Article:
What do you think differentiates a Senior UX Designer from a Mid-level UX Designer (other than years of experience)?
From what I've observed talking to a bunch of designers who come in through the door of UXBeginner.com, the senior level UXers tend to focus on strategy, communication and facilitation.
From scouring job listings myself, Senior UXers are less likely to be asked to code or make pixel perfect designs, and more likely to facilitate workshops with clients, develop design systems & processes, and manage projects.
About 20-30% in their salary.
Mid-level - can tackle projects, supervised by a lead. Involved in one project. Senior - can tackle projects, without a lead. Can be involved in multiple projects.
I guess that the shortest definition?
I don't agree with the multiple project aspect. If a senior designer is doing the actual production of design on a project, and it is a big project, splitting time across multiple projects would be irresponsible.
As far as the discussion goes, I think it's two things:
The senior designer will have a better designed outcome, but more importantly will get there through a more practiced (experience) process and will do so faster (more efficiently) than the mid-level designer. And, they have the ability to share this knowledge with others.
They have the experience. It's simply irreplacable. When you work bigger and bigger projects, what you learn is managing people skills and learning how to communicate the decisions that lead to your designs.
As an example, everybody is a critic as soon as a new logo/rebrand comes out from a big brand. The outcome is heavily criticized, but a lot of the criticism comes from people that aren't familiar with the politics and committee decision making that goes into any rebrand of that scale. Perhaps, somewhere along the way, the designer may have lost a battle on design vision with the client. Sometimes, its inevitable. But as you become more senior, you learn tricks to minimize this.
TLDR: A mid and senior designer may design the same thing, but the senior got there through a more proven process and is able to talk to the design decisions so that they are implemented to his/her vision.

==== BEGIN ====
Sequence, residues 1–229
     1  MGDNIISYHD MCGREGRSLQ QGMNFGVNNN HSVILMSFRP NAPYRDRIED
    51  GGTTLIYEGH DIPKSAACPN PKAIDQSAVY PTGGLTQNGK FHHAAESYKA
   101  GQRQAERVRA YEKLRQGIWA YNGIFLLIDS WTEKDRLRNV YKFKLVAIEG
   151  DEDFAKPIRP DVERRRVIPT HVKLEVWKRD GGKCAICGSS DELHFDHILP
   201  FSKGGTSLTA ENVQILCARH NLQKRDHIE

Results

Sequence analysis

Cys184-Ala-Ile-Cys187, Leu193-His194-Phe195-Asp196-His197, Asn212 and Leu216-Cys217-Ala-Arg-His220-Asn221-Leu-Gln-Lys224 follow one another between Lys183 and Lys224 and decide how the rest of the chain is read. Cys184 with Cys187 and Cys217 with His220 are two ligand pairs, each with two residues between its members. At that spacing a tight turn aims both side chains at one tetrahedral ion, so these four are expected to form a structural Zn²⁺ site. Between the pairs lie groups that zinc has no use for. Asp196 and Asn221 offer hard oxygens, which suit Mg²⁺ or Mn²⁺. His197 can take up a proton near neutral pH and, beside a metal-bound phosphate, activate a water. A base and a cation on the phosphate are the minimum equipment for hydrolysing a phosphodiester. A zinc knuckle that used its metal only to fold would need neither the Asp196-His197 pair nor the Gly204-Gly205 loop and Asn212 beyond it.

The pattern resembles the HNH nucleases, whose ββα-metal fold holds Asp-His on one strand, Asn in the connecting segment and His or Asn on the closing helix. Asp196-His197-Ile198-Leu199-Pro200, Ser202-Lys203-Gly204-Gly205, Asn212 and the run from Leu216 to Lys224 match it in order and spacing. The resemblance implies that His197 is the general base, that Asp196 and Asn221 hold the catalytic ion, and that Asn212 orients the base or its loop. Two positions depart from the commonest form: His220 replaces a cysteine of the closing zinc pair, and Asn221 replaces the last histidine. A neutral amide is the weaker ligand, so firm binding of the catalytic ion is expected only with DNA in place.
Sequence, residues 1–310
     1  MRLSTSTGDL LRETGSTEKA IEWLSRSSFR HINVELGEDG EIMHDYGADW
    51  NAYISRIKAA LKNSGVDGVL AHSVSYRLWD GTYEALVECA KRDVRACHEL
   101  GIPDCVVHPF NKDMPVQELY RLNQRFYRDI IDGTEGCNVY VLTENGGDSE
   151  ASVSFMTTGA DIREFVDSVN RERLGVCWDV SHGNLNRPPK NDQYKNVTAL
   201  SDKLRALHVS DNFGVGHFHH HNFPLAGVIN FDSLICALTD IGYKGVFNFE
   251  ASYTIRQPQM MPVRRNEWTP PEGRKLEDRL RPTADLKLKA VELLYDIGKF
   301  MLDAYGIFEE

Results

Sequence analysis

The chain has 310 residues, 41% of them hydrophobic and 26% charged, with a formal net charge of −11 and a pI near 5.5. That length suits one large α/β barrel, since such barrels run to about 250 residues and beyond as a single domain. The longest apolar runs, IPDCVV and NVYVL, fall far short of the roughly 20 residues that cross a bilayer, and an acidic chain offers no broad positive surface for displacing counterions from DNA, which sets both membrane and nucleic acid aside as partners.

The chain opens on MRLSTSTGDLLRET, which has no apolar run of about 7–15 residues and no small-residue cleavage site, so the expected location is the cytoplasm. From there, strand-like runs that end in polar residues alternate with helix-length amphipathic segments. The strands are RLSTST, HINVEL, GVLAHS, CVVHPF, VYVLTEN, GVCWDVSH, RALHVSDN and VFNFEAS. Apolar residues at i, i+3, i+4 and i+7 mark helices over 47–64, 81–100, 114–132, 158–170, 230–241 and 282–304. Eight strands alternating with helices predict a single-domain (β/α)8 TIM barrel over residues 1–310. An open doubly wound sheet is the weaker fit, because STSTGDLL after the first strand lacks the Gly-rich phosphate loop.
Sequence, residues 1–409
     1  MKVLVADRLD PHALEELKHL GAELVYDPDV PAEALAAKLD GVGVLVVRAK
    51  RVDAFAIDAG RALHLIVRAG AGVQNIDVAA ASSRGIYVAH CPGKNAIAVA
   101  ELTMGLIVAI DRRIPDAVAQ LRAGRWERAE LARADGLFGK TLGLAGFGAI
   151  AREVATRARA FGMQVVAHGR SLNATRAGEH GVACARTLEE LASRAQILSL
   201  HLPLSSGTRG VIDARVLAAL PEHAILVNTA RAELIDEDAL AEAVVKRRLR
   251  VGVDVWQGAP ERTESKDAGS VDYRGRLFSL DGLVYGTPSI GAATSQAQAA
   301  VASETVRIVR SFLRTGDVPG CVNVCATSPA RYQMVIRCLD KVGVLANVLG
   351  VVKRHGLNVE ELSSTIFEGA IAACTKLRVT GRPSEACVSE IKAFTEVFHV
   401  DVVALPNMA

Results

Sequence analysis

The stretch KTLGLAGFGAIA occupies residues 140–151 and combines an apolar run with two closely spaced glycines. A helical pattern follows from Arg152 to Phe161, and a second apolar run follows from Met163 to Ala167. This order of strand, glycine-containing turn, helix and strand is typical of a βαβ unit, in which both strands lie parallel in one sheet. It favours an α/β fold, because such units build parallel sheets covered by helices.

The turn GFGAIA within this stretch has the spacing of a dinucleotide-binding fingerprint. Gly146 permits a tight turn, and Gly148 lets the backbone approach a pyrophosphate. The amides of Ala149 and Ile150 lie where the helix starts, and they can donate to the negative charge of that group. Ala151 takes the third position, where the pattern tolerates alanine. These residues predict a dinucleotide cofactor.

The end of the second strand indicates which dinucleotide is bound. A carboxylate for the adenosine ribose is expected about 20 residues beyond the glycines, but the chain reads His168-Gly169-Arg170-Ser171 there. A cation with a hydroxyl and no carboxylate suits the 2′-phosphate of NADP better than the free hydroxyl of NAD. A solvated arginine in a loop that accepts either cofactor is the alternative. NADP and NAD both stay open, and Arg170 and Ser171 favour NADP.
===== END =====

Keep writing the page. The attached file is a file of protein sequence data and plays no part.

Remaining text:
Not senior vs mid-level, but Helen Tran has an interesting opinion on senior vs junio designers:
Over time, Designers accumulate a set of beliefs (like real life!) about why they’re doing certain things. This set of beliefs become their design philosophy and when you hire a Senior Designer, you’re hiring that set of beliefs.
Hm good food for thought. I used to wonder why companies hire so many college grads despite existing talent in the job market. Then I made a similar realization to Helen's though at the opposite end of the spectrum - newer grads can be more easily "molded." Their lack of relative experience can be a great asset to companies looking to instill a certain culture or process.
I agree with Oz, in that I would expect a senior designer to be more focused on: strategy, long-term goals, and communication. Senior designers are able to get alignment on vision for a product or site across from different stakeholders, and are able to illustrate what that vision looks like in the short- vs. long-term.
This doesn't directly answer your question, but I always thought this article provided good insights.
Does anything?Half the people I see with Sr. have no idea about basic design philosophy or have really worked a through any sort of challenge. It's simply a stamp that they decided to add making it meaningless and degrading those who actually earned it. It really bugs me that someone with one project under their belt is suddenly Sr.. Lead Design seems to be more meaningful.